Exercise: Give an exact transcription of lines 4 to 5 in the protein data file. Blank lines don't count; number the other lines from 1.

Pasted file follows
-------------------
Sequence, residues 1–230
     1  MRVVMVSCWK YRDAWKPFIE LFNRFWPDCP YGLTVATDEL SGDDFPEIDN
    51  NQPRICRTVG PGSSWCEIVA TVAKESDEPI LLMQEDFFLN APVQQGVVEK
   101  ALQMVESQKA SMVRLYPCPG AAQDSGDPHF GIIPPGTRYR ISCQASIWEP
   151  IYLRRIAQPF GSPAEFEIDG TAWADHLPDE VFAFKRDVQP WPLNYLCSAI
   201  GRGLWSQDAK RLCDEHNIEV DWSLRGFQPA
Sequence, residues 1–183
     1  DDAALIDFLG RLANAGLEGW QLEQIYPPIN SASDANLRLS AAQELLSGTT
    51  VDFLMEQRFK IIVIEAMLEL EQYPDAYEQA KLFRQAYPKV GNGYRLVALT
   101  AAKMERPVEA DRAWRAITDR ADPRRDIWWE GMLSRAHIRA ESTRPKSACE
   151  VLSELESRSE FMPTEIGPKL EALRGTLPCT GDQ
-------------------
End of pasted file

   101  ALQMVESQKA SMVRLYPCPG AAQDSGDPHF GIIPPGTRYR ISCQASIWEP
   151  IYLRRIAQPF GSPAEFEIDG TAWADHLPDE VFAFKRDVQP WPLNYLCSAI